The audiovisual sample for the study was Mulan (Caro, 2020), an English-language Disney feature film, which was officially distributed in both the English and the Chinese language and has gained popularity among viewers unfamiliar with Mulan. This study evaluates the quality of the machine-translated subtitles and the dubbed audio together with the quality of the official theatrical dubbed Chinese version, which also includes the official subtitles. The official theatrical version was released in theatres, where the subtitles and dubbed audio contained the same text – here, the Chinese subtitles were adapted directly from the Chinese dubbing text. To enable a comparison between the quality of the machine and that of the human translations, the subtitles were used as the reference for human translation because they reflect the same text as the dubbed audio. As Mulan portrays a specific cultural background, this study was able to both evaluate the effectiveness of MT in automatic dubbing and examine the ways in which MT deals with historical and cultural nuances in language. The goal was to assess the strengths and limitations of current MT technology, even in the face of such challenges.

Table 1 presents a summary of the types and number of errors according to several parameters. The study aimed to assess whether, in line with the three criteria of the FAS model, the quality of the raw dubbing output generated by the latest MT engine met the demands of viewers. As seen in Table 1, based on error analysis typology, the study analysed the errors in MT subtitles and dubbing, then calculated the score in each category. As the data demonstrate, the most prominent errors are clearly semantic, idiomaticity, and synchrony or isochrony, with each scoring 36, 11.75, and 9, respectively. Drawing from the examples of specific errors illustrated in the following sections, several suggestions are made as to how the performance of the MT platform may be improved and light is shed on the post-editing of machine-translated audiovisual text.

Table 1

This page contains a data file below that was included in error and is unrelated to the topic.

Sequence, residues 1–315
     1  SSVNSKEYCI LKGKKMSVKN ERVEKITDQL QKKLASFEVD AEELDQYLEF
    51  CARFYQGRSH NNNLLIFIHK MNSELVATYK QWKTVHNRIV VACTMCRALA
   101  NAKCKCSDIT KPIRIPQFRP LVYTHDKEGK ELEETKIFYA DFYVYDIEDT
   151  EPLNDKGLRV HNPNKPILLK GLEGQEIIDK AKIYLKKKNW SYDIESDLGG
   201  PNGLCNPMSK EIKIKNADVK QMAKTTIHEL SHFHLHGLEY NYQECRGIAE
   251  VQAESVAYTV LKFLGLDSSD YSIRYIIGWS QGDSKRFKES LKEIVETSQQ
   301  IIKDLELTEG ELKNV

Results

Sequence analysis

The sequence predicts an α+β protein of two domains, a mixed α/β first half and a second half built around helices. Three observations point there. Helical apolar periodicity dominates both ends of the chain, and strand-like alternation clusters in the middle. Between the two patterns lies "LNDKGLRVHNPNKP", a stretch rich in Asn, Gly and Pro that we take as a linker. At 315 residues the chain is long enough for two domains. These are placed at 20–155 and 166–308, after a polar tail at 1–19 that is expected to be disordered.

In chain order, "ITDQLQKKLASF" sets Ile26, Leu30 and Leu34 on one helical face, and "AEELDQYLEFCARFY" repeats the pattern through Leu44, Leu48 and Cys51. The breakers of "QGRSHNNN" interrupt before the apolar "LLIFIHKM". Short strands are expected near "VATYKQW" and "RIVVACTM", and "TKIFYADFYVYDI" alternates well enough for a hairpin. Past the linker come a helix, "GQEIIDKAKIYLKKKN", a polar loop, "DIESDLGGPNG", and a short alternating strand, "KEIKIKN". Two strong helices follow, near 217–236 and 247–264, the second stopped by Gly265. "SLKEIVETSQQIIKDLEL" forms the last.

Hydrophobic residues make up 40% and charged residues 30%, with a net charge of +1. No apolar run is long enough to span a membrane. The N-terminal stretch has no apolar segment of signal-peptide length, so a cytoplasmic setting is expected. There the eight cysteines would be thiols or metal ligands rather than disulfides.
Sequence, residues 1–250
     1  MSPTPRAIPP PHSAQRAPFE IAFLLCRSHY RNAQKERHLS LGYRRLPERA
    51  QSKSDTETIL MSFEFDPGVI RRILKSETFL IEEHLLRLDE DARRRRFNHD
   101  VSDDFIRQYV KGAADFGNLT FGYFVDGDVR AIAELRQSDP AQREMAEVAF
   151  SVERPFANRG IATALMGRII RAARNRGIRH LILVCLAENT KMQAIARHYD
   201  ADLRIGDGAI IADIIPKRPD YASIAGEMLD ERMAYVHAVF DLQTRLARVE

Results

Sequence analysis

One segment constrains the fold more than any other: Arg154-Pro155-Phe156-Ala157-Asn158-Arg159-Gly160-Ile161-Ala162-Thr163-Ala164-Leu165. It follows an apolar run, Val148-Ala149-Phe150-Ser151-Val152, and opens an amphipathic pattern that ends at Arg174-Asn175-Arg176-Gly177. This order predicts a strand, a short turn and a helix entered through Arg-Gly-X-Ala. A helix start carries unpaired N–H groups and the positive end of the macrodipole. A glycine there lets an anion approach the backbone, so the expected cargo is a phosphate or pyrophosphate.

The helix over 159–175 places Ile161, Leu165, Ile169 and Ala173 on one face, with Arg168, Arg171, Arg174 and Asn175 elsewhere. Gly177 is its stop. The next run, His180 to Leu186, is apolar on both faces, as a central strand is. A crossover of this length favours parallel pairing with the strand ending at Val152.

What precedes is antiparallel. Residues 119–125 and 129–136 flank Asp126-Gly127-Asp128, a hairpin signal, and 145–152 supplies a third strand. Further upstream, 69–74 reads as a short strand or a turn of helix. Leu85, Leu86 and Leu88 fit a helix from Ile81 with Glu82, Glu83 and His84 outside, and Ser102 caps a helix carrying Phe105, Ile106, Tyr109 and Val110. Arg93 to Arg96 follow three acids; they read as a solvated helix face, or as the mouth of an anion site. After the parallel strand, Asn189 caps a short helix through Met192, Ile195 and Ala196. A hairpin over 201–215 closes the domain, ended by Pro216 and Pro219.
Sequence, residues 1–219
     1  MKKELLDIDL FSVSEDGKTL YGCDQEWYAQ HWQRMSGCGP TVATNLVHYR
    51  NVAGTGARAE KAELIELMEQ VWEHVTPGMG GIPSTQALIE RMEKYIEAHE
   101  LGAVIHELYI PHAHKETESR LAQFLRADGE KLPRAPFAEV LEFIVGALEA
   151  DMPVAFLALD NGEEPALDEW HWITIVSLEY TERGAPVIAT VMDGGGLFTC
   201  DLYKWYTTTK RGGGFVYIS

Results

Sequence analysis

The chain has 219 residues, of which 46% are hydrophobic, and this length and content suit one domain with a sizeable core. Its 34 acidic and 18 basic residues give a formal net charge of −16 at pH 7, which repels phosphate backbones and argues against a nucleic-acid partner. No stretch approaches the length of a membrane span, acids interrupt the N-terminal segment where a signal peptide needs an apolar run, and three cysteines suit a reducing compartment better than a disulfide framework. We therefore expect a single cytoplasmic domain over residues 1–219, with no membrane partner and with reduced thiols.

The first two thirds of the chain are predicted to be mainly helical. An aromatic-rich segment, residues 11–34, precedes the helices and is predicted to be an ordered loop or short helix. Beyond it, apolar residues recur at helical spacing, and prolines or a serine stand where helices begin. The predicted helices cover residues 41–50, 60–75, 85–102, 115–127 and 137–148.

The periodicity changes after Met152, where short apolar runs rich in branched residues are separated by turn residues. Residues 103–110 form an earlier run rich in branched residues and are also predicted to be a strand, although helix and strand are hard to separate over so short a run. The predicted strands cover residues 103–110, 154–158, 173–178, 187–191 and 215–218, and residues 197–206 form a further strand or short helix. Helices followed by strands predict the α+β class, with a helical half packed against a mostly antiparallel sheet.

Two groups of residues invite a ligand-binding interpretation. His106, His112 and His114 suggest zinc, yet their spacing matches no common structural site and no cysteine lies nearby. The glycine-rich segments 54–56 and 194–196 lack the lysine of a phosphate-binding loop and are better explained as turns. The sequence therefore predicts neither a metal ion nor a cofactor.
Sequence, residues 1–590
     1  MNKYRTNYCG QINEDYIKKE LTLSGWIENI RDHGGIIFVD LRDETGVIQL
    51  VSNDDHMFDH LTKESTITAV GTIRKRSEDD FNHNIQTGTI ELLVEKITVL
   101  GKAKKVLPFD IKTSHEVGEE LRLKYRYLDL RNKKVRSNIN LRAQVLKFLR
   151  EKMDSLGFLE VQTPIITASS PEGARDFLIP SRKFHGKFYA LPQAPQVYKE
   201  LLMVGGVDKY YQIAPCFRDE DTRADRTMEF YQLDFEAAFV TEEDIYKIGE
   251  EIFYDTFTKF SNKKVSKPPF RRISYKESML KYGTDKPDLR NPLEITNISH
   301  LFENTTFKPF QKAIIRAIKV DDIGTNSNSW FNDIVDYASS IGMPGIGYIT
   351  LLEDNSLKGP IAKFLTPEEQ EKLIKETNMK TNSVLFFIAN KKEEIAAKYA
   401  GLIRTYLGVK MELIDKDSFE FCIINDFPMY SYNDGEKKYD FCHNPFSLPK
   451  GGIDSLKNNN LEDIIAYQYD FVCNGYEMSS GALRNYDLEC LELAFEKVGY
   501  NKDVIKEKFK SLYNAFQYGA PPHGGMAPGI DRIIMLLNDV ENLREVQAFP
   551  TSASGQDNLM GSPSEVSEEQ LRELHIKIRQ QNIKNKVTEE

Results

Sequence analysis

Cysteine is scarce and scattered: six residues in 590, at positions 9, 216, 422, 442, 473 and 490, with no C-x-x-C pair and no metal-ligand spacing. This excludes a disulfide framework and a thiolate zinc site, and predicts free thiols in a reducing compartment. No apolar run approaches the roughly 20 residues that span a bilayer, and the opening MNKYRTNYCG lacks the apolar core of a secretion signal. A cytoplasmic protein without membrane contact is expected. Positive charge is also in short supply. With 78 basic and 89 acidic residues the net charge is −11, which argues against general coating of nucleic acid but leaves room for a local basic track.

Types and number of errors


Error type





Overall score

Functional equivalence





















Phonetic or lip-synchrony






Kinesic/kinetic synchrony






Isochrony or synchrony between utterances and pauses






2.1 Functional equivalence

According to Pedersen (2017, p. 210), functional equivalence errors include two categories of error: semantic and stylistic:

·       Serious semantic errors may affect contextual coherence and cause misunderstanding.

·       Standard semantic errors relate to the absence of information; however, they do not affect the viewers’ understanding of the remainder of a subtitle.

·       Minor semantic errors relate to general problems with wording but do not affect the viewers’ understanding of the rest of the subtitles.

2.1.1 Semantic errors

Table 2

Example 1


Source text (ST)

Target text (TT)

Official theatrical version

00:00:41,500 --> 00:00:45,150

There have been many tales of the great warrior, Mulan.

关于伟大的战士木兰的故事有很多 (There have been many tales of the great warrior, Mulan.)

有关花木兰的故事有很多 (There have been many tales of Hua Mulan.)

00:00:47,750 --> 00:00:50,250

But, ancestors, this one is mine.

但是 祖先们 这一个是我的 (But, ancestors, this one is mine.)

今天 我想说 (Today, I want to say)

00:00:52,700 --> 00:00:53,900

Here she is.

她来了 (She’s coming.)

小时候 (When she is young,)

00:00:54,600 --> 00:00:57,200

A young shoot, all green ...